The Blazers have trouble scoring, too, averaging only 90.5 points, 18th in the NBA. They hit the century mark only five times in their first 31 games.
'It's time to be concerned,' Davis says. 'We are sporadic. Sometimes we have good showings. Other times, it's like we never played the game. It's a major concern. Defense has been one of the problems. (Against Denver), we didn't do anything defensively. We didn't get it done on the ball or off the ball. Our rotations were poor.
'It's time for something to happen with the makeup of this team. Maybe it's time for me to explore other options. It's no fun out there playing this way. I've been around for a while. I've been on a lot on different teams. The way we're playing, I don't think our chances (for the playoffs) are great. Going up and down like we do, you just don't develop any consistency.'
Even Zach Randolph, a staple offensively all season long, has been flagging of late. Stoudamire had words with Randolph during the Denver game but says any comments are intended in a leadership capacity. 'I have no friction with nobody,' Stoudamire says. 'If I have a problem with Zach, if I feel he's shooting the ball too much, I can address him with no hard feelings between us. You can't fault Zach for the way he has played. He plays hard. We just need to help him learn to play the right way. It's the same with Qyntel (Woods). Every time he comes in, I tell him to play aggressively, because when you do that, that's when you have success. I don't have a problem with Zach shooting the ball, because that's what he does. He's a scorer, and we need that from him.'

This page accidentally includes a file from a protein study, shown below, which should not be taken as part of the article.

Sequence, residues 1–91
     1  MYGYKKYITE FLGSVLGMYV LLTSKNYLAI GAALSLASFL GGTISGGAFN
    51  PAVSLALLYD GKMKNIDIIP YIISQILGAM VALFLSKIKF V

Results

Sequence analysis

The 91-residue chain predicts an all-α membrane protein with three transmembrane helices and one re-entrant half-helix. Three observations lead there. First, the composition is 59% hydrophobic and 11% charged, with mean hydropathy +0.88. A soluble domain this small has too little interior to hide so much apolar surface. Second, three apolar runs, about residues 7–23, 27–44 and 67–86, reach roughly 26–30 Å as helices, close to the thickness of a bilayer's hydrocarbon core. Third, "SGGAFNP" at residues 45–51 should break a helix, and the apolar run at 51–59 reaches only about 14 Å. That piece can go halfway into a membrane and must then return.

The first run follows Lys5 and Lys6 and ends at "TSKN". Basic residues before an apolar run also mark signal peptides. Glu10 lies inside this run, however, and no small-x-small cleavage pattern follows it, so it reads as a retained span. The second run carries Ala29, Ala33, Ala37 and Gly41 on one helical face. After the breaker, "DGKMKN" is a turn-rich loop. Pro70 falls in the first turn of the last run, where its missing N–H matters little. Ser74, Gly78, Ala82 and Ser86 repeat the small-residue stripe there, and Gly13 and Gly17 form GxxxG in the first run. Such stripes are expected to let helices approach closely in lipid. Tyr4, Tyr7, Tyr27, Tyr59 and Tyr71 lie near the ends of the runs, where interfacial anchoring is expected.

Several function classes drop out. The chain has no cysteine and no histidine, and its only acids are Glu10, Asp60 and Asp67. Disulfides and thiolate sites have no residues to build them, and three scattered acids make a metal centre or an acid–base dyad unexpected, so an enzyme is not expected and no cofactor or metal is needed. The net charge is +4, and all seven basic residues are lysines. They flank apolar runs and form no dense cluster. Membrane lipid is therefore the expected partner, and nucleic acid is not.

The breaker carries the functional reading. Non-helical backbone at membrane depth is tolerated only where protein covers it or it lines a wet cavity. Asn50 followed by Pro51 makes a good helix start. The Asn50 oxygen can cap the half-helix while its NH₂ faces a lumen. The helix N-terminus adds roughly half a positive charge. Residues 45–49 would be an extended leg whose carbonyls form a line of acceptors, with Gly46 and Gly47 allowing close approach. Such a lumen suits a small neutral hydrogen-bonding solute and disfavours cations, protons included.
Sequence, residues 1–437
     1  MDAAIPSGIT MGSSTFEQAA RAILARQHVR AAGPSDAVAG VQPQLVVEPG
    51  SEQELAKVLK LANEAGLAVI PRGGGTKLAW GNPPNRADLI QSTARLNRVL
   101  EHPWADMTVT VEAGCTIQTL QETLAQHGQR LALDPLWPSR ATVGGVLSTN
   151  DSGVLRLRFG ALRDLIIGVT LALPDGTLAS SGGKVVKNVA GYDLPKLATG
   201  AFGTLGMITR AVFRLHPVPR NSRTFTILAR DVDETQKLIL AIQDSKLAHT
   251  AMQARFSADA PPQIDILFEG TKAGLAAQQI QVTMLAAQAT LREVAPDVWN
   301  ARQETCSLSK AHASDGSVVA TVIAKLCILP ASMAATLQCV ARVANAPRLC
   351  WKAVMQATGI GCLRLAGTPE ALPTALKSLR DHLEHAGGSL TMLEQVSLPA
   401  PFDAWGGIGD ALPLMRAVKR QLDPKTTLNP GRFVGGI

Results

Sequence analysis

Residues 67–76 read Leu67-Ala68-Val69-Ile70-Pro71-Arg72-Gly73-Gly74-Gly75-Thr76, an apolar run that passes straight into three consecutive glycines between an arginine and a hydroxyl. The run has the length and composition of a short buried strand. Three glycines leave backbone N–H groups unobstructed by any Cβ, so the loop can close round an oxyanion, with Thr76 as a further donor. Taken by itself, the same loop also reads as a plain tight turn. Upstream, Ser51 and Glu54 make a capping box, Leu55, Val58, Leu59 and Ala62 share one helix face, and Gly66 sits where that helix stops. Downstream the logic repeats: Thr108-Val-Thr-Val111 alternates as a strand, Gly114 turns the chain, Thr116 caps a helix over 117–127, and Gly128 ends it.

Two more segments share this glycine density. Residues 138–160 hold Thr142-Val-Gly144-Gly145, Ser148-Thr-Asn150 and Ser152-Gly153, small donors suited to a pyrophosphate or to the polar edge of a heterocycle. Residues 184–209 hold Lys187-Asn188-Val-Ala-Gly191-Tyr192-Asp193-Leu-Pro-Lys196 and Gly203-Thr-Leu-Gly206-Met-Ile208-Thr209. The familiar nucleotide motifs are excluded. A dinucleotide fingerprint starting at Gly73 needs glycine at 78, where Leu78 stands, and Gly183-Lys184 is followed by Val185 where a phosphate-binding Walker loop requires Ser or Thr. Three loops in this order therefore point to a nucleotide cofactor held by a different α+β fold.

Blazer management hopes that the return of Derek Anderson Ñ perhaps Thursday at Minnesota Ñ will provide -the infusion of talent and inspiration the team needs. Meanwhile, Nash continues to field offers for Rasheed Wallace as the Feb. 19 trade deadline looms. Nash has shown patience in that regard. He doesn't want a fire sale. The hope is that a team will offer something worthwhile Ñ good player or players, short-term contract, solid citizen. If not, the Blazers are likely to play out the season, then wash their hands of Wallace as he slides into free agency this summer, saving the team $34 million, including $17 million in luxury tax.
Cheeks still hopes that Portland can catch fire on the road. Monday's game at Seattle started a stretch of 13 of 18 away from the Rose Garden.
'If we play at the pace we've been at, we won't be a playoff team, and that's hard to believe,' Stoudamire says. 'It could slip out of our hands in the next two weeks if we don't get things turned around. The next couple of weeks will tell a lot in terms of what will happen with this team's roster. If we're not able to get off the slide and show signs we can make a run at this thing, the obvious thing for John (Nash) to do is to see what's out there and make our team a little stronger.'
An item in ESPN The Magazine said the Blazers are looking to trade Woods after deciding he's a bad influence on Randolph. 'I don't know where that came from,' Nash says. 'There's no validity to that. Zach is a young man who is capable of making decisions for himself. That's not fair to Qyntel.'